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Strep throat is a bacterial infection that can make your throat feel sore and scratchy. Strep throat accounts for only a small portion of sore throats.
If untreated, strep throat can cause complications, such as kidney inflammation or rheumatic fever. Rheumatic fever can lead to painful and inflamed joints, a specific type of rash, or heart valve damage.
Strep throat is most common in children, but it affects people of all ages. If you or your child has signs or symptoms of strep throat, see your doctor for prompt testing and treatment.
Signs and symptoms of strep throat can include:
Throat pain that usually comes on quickly
Red and swollen tonsils, sometimes with white patches or streaks of pus
Tiny red spots on the area at the back of the roof of the mouth (soft or hard palate)
Swollen, tender lymph nodes in your neck
Nausea or vomiting, especially in younger children
It's possible for you or your child to have many of these signs and symptoms but not have strep throat. The cause of these signs and symptoms could be a viral infection or some other illness. That's why your doctor generally tests specifically for strep throat.
It's also possible for you to be exposed to a person who carries strep but shows no symptoms.
When to see a doctor
Call your doctor if you or your child has any of these signs and symptoms:
A sore throat accompanied by tender, swollen lymph glands
A sore throat that lasts longer than 48 hours
A sore throat accompanied by a rash
Problems breathing or swallowing
If strep has been diagnosed, a lack of improvement after taking antibiotics for 48 hours
The cause of strep throat is bacteria known as Streptococcus pyogenes, also known as group A streptococcus.
Streptococcal bacteria are highly contagious. They can spread through airborne droplets when someone with the infection coughs or sneezes, or through shared food or drinks. You can also pick up the bacteria from a doorknob or other surface and transfer them to your nose, mouth or eyes.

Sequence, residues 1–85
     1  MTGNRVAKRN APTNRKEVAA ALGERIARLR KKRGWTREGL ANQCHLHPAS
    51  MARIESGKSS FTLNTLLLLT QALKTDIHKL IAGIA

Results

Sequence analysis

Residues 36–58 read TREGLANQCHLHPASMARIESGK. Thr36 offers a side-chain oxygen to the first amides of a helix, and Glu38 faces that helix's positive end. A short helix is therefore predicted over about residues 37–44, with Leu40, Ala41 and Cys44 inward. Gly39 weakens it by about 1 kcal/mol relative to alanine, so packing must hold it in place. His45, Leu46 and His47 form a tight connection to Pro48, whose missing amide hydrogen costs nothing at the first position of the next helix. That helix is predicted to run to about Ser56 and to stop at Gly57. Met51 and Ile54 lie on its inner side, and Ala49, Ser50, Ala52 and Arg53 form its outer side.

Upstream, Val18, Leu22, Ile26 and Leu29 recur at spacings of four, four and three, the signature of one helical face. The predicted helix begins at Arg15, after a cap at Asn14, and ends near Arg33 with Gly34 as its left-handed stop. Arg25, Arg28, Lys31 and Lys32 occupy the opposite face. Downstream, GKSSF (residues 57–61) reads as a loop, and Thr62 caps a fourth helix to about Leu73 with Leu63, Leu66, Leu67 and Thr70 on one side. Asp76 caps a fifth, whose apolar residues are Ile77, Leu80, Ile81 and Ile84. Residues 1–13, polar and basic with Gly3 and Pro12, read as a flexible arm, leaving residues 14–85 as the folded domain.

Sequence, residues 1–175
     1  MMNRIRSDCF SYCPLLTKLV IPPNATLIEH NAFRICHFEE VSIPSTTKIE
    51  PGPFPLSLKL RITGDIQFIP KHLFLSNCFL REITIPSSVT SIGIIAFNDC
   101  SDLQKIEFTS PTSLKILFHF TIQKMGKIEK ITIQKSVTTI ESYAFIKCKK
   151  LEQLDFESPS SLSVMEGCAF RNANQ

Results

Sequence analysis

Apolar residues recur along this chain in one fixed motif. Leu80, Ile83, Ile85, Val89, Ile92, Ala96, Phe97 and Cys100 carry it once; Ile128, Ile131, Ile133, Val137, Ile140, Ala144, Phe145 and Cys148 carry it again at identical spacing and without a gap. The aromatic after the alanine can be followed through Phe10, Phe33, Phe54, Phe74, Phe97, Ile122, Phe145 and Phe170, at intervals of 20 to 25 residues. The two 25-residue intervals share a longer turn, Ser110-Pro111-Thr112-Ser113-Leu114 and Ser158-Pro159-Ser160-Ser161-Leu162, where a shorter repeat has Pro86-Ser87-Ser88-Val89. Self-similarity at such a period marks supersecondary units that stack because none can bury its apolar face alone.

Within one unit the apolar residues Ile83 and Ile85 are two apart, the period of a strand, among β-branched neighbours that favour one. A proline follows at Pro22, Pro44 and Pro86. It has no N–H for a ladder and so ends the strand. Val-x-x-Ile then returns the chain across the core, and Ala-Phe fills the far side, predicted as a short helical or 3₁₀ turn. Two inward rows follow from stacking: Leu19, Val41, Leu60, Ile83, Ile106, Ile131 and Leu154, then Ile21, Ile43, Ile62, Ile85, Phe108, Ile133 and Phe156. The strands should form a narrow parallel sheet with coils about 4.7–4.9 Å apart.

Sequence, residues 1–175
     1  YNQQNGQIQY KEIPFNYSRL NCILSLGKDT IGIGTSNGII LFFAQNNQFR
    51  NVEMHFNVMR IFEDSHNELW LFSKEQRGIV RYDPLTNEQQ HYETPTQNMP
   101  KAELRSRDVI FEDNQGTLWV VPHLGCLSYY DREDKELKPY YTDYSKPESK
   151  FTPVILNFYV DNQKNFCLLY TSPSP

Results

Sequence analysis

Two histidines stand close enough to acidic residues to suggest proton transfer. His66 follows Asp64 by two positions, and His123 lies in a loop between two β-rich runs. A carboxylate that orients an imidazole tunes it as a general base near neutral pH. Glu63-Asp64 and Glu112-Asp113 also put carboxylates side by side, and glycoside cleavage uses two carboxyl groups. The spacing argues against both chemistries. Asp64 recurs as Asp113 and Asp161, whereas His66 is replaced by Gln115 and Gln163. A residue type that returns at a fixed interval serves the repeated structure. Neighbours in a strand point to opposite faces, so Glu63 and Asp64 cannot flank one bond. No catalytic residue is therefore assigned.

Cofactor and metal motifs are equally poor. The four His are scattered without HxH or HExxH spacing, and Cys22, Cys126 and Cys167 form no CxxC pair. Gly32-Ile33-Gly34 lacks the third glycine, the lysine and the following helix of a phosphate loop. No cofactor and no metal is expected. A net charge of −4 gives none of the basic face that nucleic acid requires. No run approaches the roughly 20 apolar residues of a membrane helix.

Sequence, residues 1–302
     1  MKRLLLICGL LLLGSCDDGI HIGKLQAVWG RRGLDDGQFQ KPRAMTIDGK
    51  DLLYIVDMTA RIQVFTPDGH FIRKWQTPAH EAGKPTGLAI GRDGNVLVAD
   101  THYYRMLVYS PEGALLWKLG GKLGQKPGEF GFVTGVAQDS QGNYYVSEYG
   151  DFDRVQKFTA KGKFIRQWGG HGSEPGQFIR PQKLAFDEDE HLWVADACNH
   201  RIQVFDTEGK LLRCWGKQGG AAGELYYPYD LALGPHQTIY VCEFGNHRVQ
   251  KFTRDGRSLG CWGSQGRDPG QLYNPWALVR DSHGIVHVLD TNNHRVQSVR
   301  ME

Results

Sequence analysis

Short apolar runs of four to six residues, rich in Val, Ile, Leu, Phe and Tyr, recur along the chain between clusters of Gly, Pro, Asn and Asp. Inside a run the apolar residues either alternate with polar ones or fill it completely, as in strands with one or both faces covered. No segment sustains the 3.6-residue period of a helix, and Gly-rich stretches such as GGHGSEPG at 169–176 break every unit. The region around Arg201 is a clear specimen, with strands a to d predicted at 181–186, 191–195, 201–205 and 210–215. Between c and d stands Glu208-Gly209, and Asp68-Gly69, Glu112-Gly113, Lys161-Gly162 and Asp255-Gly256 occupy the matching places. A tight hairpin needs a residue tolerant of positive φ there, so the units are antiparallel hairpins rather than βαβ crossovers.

Several factors can increase your risk of strep throat infection:
Young age. Strep throat occurs most commonly in children.
Time of year. Although strep throat can occur anytime, it tends to circulate in winter and early spring. Strep bacteria flourish wherever groups of people are in close contact.
Although strep throat isn't dangerous, it can lead to serious complications. Antibiotic treatment reduces the risk.
Spread of infection
Strep bacteria may spread, causing infection in:
Strep infection may lead to inflammatory illnesses, including:
Scarlet fever, a streptococcal infection characterized by a prominent rash
Inflammation of the kidney (poststreptococcal glomerulonephritis)
Rheumatic fever, a serious inflammatory condition that can affect the heart, joints, nervous system and skin
Poststreptococcal reactive arthritis, a condition that causes inflammation of the joints
A possible relationship has been suggested between strep infection and a rare condition called pediatric autoimmune neuropsychiatric disorder associated with group A streptococci (PANDAS). PANDAS is a term used to describe certain children whose symptoms of neuropsychiatric conditions, such as obsessive-compulsive disorder or tic disorders, are worsened by strep infection. This relationship currently remains unproved and controversial.
To prevent strep infection:
Clean your hands. Proper hand cleaning is the best way to prevent all kinds of infections. That's why it's important to clean your own hands regularly and to teach your children how to clean their hands properly using soap and water or an alcohol-based hand sanitizer.
Cover your mouth. Teach your children to cover their mouths when they cough or sneeze.
Don't share personal items. Don't share drinking glasses or eating utensils. Wash dishes in hot, soapy water or in a dishwasher.
Your doctor will conduct a physical exam, look for signs and symptoms of strep throat, and probably order one or more of the following tests:
Rapid antigen test. Your doctor will likely first perform a rapid antigen test on a swab sample from your throat. This test can detect strep bacteria in minutes by looking for substances (antigens) in the throat. If the test is negative but your doctor still suspects strep, he or she might do a throat culture.
Throat culture. A sterile swab is rubbed over the back of the throat and tonsils to get a sample of the secretions. It's not painful, but it may cause gagging. The sample is then cultured in a laboratory for the presence of bacteria, but results can take as long as two days.
Medications are available to cure strep throat, relieve its symptoms, and prevent its complications and spread.
If you or your child has strep throat, your doctor will likely prescribe an oral antibiotic. If taken within 48 hours of the onset of the illness, antibiotics reduce the duration and severity of symptoms, as well as the risk of complications and the likelihood that infection will spread to others.